Virginia woman moves into nation’s first 3D-printed Habitat for Humanity home

WILLIAMSBURG, Va. — A Virginia woman made history on Tuesday as she took ownership of the nation’s first completed 3D-printed Habitat for Humanity home.

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New owner April Stringfield, of Williamsburg, and her teen son attended the ribbon-cutting ceremony for the 1,200-square-foot, three-bedroom home, according to WTKR-TV.

The Habitat for Humanity Peninsula and Greater Williamsburg, the organization that facilitated the build, joined the 3D-printing company Alquist 3D at the ceremony, The Virginia Gazette reported.

“I’m excited to make new memories in Williamsburg and especially in a house, a home,” Stringfield told WTKR. ”Some place I can call home and to give my son that backyard that he can play in and also my puppy to run around the yard.”

According to Alquist 3D Founder and CEO Zachary Mannheimer, the Iowa-based company packed up its 3D-printing equipment and headed east, the newspaper reported.

Crews broke ground for the home in July, WTKR reported. The following month, the 3D printing process began, with concrete poured into a machine and piped across a foundation in a continual motion, the Gazette reported.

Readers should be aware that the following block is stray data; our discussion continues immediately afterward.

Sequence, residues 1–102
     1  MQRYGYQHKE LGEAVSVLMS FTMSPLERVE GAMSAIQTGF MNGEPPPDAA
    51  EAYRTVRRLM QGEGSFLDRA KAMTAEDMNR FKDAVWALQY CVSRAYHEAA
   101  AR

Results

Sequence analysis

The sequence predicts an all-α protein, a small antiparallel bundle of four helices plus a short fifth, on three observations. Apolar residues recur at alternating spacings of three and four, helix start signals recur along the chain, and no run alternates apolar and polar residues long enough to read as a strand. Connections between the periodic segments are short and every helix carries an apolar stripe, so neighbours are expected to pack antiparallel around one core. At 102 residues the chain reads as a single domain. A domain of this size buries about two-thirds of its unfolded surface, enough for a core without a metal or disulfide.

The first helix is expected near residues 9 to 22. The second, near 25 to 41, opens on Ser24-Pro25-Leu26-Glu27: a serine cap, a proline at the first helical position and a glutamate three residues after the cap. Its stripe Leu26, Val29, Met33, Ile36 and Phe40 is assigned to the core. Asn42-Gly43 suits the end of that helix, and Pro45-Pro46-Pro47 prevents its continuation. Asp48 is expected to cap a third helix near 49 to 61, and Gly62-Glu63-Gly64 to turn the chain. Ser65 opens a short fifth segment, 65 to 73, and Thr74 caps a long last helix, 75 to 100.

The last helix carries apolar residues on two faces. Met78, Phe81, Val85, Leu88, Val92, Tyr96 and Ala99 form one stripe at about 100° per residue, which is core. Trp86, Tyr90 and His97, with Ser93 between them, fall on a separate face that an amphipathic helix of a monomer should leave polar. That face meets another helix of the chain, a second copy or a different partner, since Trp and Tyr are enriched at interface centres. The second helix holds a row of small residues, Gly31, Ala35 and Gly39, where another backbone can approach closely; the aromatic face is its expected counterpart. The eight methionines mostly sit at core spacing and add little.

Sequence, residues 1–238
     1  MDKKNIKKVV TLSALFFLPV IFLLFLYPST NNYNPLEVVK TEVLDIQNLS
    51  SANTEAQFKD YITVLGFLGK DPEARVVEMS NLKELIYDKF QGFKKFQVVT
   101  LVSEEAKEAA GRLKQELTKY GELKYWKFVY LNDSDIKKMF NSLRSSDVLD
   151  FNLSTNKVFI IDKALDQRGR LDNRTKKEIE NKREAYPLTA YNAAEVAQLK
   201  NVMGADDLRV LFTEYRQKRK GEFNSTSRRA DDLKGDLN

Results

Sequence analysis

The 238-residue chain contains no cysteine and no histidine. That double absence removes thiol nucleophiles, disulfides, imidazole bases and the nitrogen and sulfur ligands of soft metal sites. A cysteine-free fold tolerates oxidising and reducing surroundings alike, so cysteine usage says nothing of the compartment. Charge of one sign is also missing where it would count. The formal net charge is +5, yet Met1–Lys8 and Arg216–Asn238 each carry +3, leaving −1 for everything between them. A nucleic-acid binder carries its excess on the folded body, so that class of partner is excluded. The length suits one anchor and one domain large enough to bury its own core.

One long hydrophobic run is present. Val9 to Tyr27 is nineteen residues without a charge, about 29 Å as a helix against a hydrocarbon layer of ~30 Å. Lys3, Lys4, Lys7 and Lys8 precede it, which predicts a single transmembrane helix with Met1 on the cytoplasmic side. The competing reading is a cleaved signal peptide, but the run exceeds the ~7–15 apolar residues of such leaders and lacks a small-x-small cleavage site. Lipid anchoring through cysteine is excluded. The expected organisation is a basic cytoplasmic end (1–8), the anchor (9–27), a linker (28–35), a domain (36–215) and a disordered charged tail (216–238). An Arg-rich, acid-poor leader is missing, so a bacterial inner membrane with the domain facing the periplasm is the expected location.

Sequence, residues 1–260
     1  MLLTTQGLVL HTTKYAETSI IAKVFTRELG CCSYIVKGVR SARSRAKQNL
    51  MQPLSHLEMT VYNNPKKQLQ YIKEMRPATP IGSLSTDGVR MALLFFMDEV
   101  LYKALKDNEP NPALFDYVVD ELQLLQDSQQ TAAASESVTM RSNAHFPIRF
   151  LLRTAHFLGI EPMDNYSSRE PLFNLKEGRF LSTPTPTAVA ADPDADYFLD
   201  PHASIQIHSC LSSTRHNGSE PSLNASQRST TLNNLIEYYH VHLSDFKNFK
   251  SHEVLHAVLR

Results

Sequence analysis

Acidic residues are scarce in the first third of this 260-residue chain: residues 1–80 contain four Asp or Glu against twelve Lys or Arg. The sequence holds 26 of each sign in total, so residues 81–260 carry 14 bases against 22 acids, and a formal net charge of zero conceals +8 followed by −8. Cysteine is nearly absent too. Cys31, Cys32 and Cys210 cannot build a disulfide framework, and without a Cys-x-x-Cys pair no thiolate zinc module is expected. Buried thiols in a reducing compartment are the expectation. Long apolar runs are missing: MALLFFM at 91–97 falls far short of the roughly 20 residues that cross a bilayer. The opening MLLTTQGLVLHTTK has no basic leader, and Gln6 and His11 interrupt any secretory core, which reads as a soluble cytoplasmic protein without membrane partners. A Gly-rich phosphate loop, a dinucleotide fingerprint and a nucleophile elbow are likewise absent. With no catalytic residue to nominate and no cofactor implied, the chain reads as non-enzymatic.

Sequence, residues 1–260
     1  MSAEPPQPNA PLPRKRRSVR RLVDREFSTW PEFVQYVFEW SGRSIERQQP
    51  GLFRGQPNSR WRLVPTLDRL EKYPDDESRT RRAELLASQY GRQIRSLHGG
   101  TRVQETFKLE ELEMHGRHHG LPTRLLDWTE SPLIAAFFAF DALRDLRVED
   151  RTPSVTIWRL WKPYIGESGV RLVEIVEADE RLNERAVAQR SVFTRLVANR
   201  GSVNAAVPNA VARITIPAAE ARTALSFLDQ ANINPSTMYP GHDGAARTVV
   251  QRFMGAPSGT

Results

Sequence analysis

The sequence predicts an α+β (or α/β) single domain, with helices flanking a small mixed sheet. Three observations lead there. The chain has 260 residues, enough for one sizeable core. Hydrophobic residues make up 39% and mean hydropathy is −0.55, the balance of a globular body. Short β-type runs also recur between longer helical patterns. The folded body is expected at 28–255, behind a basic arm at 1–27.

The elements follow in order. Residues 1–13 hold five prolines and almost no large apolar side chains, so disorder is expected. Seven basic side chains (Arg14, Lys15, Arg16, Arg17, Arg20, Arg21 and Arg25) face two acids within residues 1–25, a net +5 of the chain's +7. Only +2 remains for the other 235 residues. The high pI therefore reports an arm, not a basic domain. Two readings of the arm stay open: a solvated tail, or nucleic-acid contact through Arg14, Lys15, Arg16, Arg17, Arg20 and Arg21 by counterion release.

After 28 days, the walls were constructed and volunteers began plastering them, while others installed windows, flooring and lights, the newspaper reported.

According to Habitat for Humanity in Greater Williamsburg CEO Janet Green, the project is a culmination of numerous community partners.

“We are excited with every Habitat home because we are selling homes to deserving families,” Green told reporters. “This project is a game-changer for Habitat for Humanity, We’re selling an affordable home to a family four days before Christmas, and at the same time, we’re finding solutions to build more efficient homes.”

“We are so excited for where this is going to go from here,” Mannheimer said. “Virginia is the leader in 3D printing home construction, hands down, no one can take that away from you.”